You are Here: Home >< Maths

Combinatorial Question Watch

1. Good afternoon,

I have 6 different non-repeated numbers from a pool of 1 to 59 numbers, let's say numbers n1...n6 for example.

Now knowing that if we add any 2 of the numbers together to equal a 3rd number there are 20 different combinations available.

These are...

n1 + n2 = n3
n1 + n2 = n4
n1 + n2 = n5
n1 + n2 = n6
n1 + n3 = n4
n1 + n3 = n5
n1 + n3 = n6
n1 + n4 = n5
n1 + n4 = n6
n1 + n5 = n6
n2 + n3 = n4
n2 + n3 = n5
n2 + n3 = n6
n2 + n4 = n5
n2 + n4 = n6
n2 + n5 = n6
n3 + n4 = n5
n3 + n4 = n6
n3 + n5 = n6
n4 + n5 = n6

My question is, what is the maximum count of any 2 seperate numbers being added together to make a 3rd number from the 6 numbers, knowing we can use numbers 1 to 59 please.

I hope this makes sense?

2. (Original post by PAB9)
My question is, what is the maximum count of any 2 seperate numbers being added together to make a 3rd number from the 6 numbers, knowing we can use numbers 1 to 59 please.
I think it's clear that an upper bound on the number is 10.

I suspect the final answer is 6, but can't prove it.

An example is: Let the set be {1,2,3,4,5,6}, in order.

Then,
n1+n2=n3
n1+n3=n4
n1+n4=n5
n1+n5=n6
n2+n3=n5
n2+n4=n6

6 in all.
3. Thanks for the reply ghostwalker, it is appreciated.

I was thinking along the lines of 6 but wondered if there was something I was missing considering that the numbers were from 1 to 59.

I applied the same logic to 3 numbers added together to equal a 4th number & 4 numbers added together to equal a 5th number.

I believe for 3 numbers added together there are 4 combinations if the numbers were 1,2,4,7,10,13 for example...

n1+n2+n3=7
n1+n2+n4=10
n1+n2+n5=13
n2+n3+n4=13

...likewise, for 4 numbers added together there are 2 combinations if the numbers were 1,2,3,4,10,16 for example...

n1+n2+n3+n4=10
n1+n2+n3+n5=16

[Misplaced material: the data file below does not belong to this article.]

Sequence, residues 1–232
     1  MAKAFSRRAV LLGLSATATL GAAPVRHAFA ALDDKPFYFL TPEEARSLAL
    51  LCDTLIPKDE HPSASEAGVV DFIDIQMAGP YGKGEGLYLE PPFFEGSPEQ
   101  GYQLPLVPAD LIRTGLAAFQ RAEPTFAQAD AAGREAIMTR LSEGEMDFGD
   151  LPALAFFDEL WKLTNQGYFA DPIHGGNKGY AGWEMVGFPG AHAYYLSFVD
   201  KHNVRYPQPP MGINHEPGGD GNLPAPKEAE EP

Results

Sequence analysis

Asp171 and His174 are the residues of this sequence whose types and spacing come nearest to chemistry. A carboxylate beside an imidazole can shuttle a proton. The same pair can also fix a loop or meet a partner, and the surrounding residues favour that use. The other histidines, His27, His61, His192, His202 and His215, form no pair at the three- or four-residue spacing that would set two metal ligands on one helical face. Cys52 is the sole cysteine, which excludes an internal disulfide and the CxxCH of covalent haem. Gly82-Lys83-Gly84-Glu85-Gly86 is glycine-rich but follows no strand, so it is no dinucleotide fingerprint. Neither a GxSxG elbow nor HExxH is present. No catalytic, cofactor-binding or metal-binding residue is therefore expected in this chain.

4. (Original post by PAB9)
Thanks for the reply ghostwalker, it is appreciated.

I was thinking along the lines of 6 but wondered if there was something I was missing considering that the numbers were from 1 to 59.

I applied the same logic to 3 numbers added together to equal a 4th number & 4 numbers added together to equal a 5th number.

I believe for 3 numbers added together there are 4 combinations if the numbers were 1,2,4,7,10,13 for example...

n1+n2+n3=7
n1+n2+n4=10
n1+n2+n5=13
n2+n3+n4=13
Also, 1,2,5,8,11,14.

...likewise, for 4 numbers added together there are 2 combinations if the numbers were 1,2,3,4,10,16 for example...

n1+n2+n3+n4=10
n1+n2+n3+n5=16
I think it would be fairly easy to show that with 4 numbers, 2 is the maximum.
5. (Original post by PAB9)
I was thinking along the lines of 6 but wondered if there was something I was missing considering that the numbers were from 1 to 59.
I can see a way of proving that the max number is 6 now for adding just two numbers, based around showing the first two (lowest) cannot be written as a sum, the third and fourth can only be written in one way as a sum of the lower numbers, and the fifth and sixth can only be written in at most two ways. Hence 6.
6. Thanks ghostwalker for your time and input, it is very much appreciated.
Enjoy the rest of your long weekend and thanks again.

TSR Support Team

We have a brilliant team of more than 60 Support Team members looking after discussions on The Student Room, helping to make it a fun, safe and useful place to hang out.

This forum is supported by:
Updated: May 2, 2016
Today on TSR

Last-minute PS help

100s of personal statements examples here

More pressure for kinky sex?

Discussions on TSR

• Latest
• See more of what you like on The Student Room

You can personalise what you see on TSR. Tell us a little about yourself to get started.

• Poll
Useful resources

Maths Forum posting guidelines

Not sure where to post? Read the updated guidelines here

How to use LaTex

Writing equations the easy way

Study habits of A* students

Top tips from students who have already aced their exams

Chat with other maths applicants

Groups associated with this forum:

View associated groups
Discussions on TSR

• Latest
• See more of what you like on The Student Room

You can personalise what you see on TSR. Tell us a little about yourself to get started.

• The Student Room, Get Revising and Marked by Teachers are trading names of The Student Room Group Ltd.

Register Number: 04666380 (England and Wales), VAT No. 806 8067 22 Registered Office: International House, Queens Road, Brighton, BN1 3XE

Reputation gems: You get these gems as you gain rep from other members for making good contributions and giving helpful advice.